Review by Bob Rossney.
Airlines is a game of network-building and speculation.
The game board is a network of cities connected by routes. Each route has one or more circles on it, indicating the number of different airlines that may use the route before it becomes closed. Each route is drawn in one of five different styles of line, indi- cating which region the route belongs to.
There are nine airlines in the game, each identified by a color and a (meaningless) three-letter code, each having a stock of markers that are used to indicate routes that the airline controls. Each airline can fly in a specific set of regions.
Finally, there are two decks of cards. The stock cards represent shares of stock in each of the nine airlines, and the flight cards allow airlines to expand along routes--if the number on the card is high enough for the length of the route, and if the card's border matches the region that the route is in.
Each turn, a player may do one of three things:
At any given time, an airline is owned by the person who has the largest number of corresponding stock cards in front of him.
Thus every turn provides a decision: do you make an airline that you control marginally more valuable, or do you make a bid to control one of the airlines on the board?
The decision is made more urgent by the fact that there are three SCORING cards buried in the stock deck. Whenever a SCORING card comes up, the game is scored--based on who is controlling the airlines in at the time the card comes up. (The game is scored once more when the stock cards run out.)
All manner of interesting things happen in a game of Airlines. A clever sabotage rule allows you to use up your opponents' markers, so they can't claim routes. If enough routes in one region get claimed, an airline that's been slow getting out of the gate can get shut down. It frequently happens that some players spend several turns dropping stock cards out of their hands fighting for control of the biggest airlines, while the people that control the smaller airlines quietly expand the size of their routes. And the capricious appearance of the SCORING cards can be devastating; every turn you don't drop stock you're taking a calculated risk.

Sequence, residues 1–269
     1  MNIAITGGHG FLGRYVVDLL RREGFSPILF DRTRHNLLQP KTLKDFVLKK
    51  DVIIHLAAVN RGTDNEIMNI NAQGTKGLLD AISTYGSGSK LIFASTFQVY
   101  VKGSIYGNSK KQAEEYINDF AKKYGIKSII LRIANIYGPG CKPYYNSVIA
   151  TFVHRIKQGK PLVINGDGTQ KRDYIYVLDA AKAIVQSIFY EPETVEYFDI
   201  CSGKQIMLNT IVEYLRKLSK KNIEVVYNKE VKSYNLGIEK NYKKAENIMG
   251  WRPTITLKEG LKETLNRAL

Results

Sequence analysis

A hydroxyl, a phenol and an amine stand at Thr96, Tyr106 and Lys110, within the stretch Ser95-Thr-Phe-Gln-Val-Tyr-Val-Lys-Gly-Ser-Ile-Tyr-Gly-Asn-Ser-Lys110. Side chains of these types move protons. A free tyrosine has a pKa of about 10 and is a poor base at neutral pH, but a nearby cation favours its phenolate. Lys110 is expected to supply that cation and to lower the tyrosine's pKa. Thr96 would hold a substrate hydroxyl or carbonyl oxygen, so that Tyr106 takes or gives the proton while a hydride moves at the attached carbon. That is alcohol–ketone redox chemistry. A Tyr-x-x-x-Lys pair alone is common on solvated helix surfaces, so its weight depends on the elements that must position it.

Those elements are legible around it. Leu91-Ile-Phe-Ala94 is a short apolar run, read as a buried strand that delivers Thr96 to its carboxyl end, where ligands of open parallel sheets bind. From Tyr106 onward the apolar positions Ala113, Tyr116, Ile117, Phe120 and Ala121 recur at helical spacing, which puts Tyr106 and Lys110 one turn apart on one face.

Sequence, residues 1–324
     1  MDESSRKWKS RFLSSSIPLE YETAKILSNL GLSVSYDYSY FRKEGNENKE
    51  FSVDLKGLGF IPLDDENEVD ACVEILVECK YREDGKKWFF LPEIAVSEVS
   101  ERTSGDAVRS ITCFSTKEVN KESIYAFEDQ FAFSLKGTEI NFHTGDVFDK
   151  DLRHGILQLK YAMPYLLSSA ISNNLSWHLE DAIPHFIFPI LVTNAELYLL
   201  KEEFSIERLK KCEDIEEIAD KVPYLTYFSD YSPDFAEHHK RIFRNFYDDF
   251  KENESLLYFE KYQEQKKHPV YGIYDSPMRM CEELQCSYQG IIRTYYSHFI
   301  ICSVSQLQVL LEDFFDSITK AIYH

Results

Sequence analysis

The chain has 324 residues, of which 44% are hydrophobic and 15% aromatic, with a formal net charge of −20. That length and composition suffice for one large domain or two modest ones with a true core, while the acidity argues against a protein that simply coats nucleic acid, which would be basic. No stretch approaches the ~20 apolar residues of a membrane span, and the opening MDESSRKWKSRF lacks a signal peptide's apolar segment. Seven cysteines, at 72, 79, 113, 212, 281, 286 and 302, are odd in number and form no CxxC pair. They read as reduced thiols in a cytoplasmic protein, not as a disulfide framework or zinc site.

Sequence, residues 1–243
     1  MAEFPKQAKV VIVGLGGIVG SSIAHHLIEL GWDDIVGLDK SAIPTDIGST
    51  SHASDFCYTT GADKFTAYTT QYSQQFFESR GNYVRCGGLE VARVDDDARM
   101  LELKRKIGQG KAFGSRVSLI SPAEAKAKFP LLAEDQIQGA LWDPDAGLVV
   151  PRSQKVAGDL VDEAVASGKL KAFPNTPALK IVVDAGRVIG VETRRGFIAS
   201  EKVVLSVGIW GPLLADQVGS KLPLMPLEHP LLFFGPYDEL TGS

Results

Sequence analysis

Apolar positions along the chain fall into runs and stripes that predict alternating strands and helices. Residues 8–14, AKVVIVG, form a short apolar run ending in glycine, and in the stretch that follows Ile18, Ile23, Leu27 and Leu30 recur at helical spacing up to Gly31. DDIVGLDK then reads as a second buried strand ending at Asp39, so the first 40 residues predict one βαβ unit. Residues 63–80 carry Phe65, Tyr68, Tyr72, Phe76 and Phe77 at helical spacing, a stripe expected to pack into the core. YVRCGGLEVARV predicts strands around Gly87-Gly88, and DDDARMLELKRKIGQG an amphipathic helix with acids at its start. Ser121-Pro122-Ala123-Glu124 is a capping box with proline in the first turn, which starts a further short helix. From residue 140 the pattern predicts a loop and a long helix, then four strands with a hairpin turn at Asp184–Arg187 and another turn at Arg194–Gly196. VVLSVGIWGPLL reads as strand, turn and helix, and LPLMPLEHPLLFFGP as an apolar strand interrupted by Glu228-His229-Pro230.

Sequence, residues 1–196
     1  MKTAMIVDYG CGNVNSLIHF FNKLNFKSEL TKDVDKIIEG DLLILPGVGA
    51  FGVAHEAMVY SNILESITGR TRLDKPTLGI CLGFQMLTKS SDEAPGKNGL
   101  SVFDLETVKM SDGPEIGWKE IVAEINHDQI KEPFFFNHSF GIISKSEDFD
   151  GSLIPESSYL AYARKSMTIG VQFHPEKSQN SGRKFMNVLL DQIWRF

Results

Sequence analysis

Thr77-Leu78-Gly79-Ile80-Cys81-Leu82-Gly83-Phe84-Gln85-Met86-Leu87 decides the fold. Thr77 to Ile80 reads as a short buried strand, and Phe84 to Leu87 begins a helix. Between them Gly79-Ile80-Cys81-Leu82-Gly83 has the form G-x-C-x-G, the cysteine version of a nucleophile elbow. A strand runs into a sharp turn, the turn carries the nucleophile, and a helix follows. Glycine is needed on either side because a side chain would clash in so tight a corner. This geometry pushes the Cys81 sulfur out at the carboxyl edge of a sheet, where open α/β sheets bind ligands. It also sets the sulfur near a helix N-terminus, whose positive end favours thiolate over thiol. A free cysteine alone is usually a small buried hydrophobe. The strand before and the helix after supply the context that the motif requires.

If I were king, I'd change a couple of things about Airlines. The components are lavish -- too lavish. The board could easily be 30% smaller without the game suffering. The colored wooden markers are nice esthet- ically, but in less than white light it's awfully difficult to disting- uish some of the colors. The map on the board--which, while nominally of the United States, will be a relief to those that fear that ignorance of geography is a purely American phenomenon--contributes nothing to the game, and its colors are so weird that the routes get lost in them. Finally, I'm not sure what the designer had in mind by calling the airlines ELA, ITA, FIS, DDL, HIT, and the like. Logos and names would make it easier to distinguish them from one another.
Also, I'd make the optional rules non-optional. They say that you should bury the SCORING cards a certain depth into the stock deck, so that the game will have a chance to develop before the first scoring round takes place. This improves the game a great deal.
I heard that Alan Moon, the game's designer, is working at Avalon Hill. If there's any truth to this, there may be a hope for AH bringing this game out in the US. I'd hope so. It's addictive.
[Ken - Bob wrote this review some time ago. Since Airlines Alan Moon has gone on to found his own game company, White Wind, and design many other fine games. I heard two good rumors about Airlines at Essen 94. One was that there was a big stink when the selection commitee skipped over Airlines for the Spiel des Jahres. The other was that Airlines II is due out next year from Abacus, it addresses many of the problems Bob cited above, and it probably will be nominated. Stay tuned.]
Copyright 1994, Bob Rossney.
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